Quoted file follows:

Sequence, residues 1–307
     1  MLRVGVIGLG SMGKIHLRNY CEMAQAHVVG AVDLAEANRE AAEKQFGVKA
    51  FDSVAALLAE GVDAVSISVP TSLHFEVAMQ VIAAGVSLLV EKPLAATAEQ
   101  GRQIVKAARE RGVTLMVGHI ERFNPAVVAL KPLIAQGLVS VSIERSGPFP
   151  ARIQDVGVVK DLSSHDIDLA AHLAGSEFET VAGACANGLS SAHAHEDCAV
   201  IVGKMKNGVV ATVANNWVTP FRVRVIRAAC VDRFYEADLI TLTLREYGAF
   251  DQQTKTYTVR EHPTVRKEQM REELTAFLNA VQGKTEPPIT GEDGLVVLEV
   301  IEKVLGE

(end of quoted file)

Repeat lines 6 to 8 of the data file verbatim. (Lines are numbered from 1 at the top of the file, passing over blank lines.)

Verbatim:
   201  IVGKMKNGVV ATVANNWVTP FRVRVIRAAC VDRFYEADLI TLTLREYGAF
   251  DQQTKTYTVR EHPTVRKEQM REELTAFLNA VQGKTEPPIT GEDGLVVLEV
   301  IEKVLGE